This article was first published at Essential Kids.
Last year a mother came to chat to me after a seminar to thank me for some advice I gave her some 12 years before when she had become a solo mum of five children aged 2 to 12.
Apparently I had suggested that she concentrate on ensuring her children felt deeply loved and connected and to work out ways that she could find some one-on-one time with each of her children.
This grateful mum told me that she had passed on my wisdom to her children and together they worked out ways that they could have special one-on-one time with mum, despite the busy home full of children.
For one of her children it was helping with cooking, with another it was helping her practice her netball shooting and there was always the walk after dinner around the block with their dog. She said it helped her so much and her kids had grown up to be happy young adults.
It reminded me of how lucky I had been as a child to be able to spend as much quality time beside my awesome farmer dad. Long drives in the truck, lots of driving in the farm Ute, checking on sheep and plenty of time walking behind a mob of sheep guiding them to a different paddock or the shearing shed.
So much unhurried time to really linger over our conversations and to pause to capture fascinating moments that would occur quite naturally from Mother Nature.
Watching a baby lamb being born, catching a glimpse of the massive wedge tailed eagle that nested on a nearby giant gum, and laughing at one of my dad’s terrible shaggy dog jokes – that we had all heard many times. We still laughed so hard that tears would roll down our faces.
These are some of the exquisite moments that can only happen in a one-on-one experience.
Even though I have written about the importance of micro-moments of connection with our children given how busy our lives are today, I want to remind you of the importance of scheduling some one-on-one time with each person you love who lives in your home.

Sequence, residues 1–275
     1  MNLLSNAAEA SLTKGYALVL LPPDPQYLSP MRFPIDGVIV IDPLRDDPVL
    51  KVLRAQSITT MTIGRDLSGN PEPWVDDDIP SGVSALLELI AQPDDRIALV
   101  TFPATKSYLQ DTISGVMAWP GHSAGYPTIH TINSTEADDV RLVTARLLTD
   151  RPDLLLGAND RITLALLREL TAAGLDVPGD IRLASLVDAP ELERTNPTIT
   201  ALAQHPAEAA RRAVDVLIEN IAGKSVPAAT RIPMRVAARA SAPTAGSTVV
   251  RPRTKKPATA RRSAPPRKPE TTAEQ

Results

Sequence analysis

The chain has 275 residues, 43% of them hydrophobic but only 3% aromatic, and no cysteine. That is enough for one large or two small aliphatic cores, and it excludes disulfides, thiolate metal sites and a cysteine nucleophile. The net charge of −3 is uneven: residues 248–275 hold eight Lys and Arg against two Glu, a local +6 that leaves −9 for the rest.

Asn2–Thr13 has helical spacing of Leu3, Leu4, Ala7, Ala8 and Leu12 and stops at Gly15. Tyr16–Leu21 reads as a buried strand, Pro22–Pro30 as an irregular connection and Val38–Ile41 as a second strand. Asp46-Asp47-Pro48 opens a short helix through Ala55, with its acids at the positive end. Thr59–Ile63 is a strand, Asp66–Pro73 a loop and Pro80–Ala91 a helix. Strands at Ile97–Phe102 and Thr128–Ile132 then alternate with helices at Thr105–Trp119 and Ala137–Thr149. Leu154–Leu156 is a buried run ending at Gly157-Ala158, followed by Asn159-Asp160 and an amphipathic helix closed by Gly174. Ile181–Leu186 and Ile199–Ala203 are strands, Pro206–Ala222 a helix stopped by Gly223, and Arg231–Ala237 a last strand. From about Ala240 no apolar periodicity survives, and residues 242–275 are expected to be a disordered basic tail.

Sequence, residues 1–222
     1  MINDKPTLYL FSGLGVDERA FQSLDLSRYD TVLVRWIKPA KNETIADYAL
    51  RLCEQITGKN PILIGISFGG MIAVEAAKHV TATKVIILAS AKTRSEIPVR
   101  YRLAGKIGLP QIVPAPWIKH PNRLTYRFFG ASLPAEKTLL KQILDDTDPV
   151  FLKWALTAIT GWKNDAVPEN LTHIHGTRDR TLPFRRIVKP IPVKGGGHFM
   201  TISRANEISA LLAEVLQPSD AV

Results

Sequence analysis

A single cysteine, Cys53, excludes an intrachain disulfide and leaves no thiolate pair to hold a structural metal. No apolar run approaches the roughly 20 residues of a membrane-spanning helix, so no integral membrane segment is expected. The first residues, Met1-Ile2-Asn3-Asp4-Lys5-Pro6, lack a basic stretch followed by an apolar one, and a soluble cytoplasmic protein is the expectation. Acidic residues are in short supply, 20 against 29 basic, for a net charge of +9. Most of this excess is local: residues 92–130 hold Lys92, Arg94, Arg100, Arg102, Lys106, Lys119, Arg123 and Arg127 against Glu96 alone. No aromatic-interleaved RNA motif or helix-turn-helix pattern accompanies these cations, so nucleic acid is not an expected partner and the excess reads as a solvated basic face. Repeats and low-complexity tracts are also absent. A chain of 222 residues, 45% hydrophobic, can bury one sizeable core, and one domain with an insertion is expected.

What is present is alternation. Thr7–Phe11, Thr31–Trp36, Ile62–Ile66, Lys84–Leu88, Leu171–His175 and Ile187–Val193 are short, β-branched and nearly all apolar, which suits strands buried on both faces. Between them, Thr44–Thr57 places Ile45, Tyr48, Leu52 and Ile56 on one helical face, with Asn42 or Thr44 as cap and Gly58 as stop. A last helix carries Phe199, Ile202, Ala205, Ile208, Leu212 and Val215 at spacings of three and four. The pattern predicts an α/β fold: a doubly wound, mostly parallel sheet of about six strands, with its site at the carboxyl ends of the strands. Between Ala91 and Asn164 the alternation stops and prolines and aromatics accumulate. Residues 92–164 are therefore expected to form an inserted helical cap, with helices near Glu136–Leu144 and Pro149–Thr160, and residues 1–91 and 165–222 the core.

One of the most obvious one-on-one moments is reading to your children in their bed as they prepare to go to sleep. No matter how irritating it can be if you have to read the same picture book 35 times – hopefully still trying to sound enthusiastic – these precious moments are ones that nurture both parents and children.
As a mother of sons, bath time was rarely a quiet event. Indeed they seem to look forward to share bath times with great delight as it was a different environment to have fun and to play.
If you can, bath time with just one child can be one of these magical one-on-one moments that can fill everyone’s heart.
My heart still melts when I see some of the photos of bath time with one of my boys when they were very little. For some weird reason bath time is often a time when boys remember what happened at day care or school – and that is a golden moment for any parent.
Well before the overcrowded curriculum and NAPLAN, I gave each of my sons the occasional day away from school for some one-on-one time with me doing whatever made their heart sing.
Sometimes we just sat and watched a favourite movie – yet again – The Lion King, Forrest Gump and the whole series of Karate Kid were favourites.
It was not only a day to reconnect with that particular son, it was often a day he needed to energetically regroup, to catch up on some much-needed rest or to escape the endless rules and expectations of a busy school day.
Many families have told me how they have created special family rituals and happenings so that they can have one-on-one time with their kids.
Having a telescope and watching the night sky is something many enjoy. Charades, board games and card evenings are also golden moments.
Walking to and from school is another time that can be one-on-one. Sometimes on the way home from an extra-curricular activity there may be 20 minutes where you can grab a coffee and a milkshake for some more one-on-one time. Whenever this happened in our home it was supposed to be kept a secret!
Having a good dog who needs to be walked also creates opportunity for one-on-one time. One family told me that when their beloved dog died, they would pretend they were still walking him so that they didn’t lose that special time.
One-on-one time is incredibly important for parents as well. Prioritising a date night or making time to catch up for coffee or a quick lunch is equally important to keeping our hearts open to whomever we are co-parenting with.
Nurturing this relationship is almost as important as nurturing our parent-child connection because if this relationship breaks down, it can cause heartache for your children.
So bring this conversation to your family meeting and ask your children “how can we work out opportunities to have some one-on-one time?”
Making positive memories that last will not only help your children when they are children, it will assist them to be more loving, connected parents themselves one day.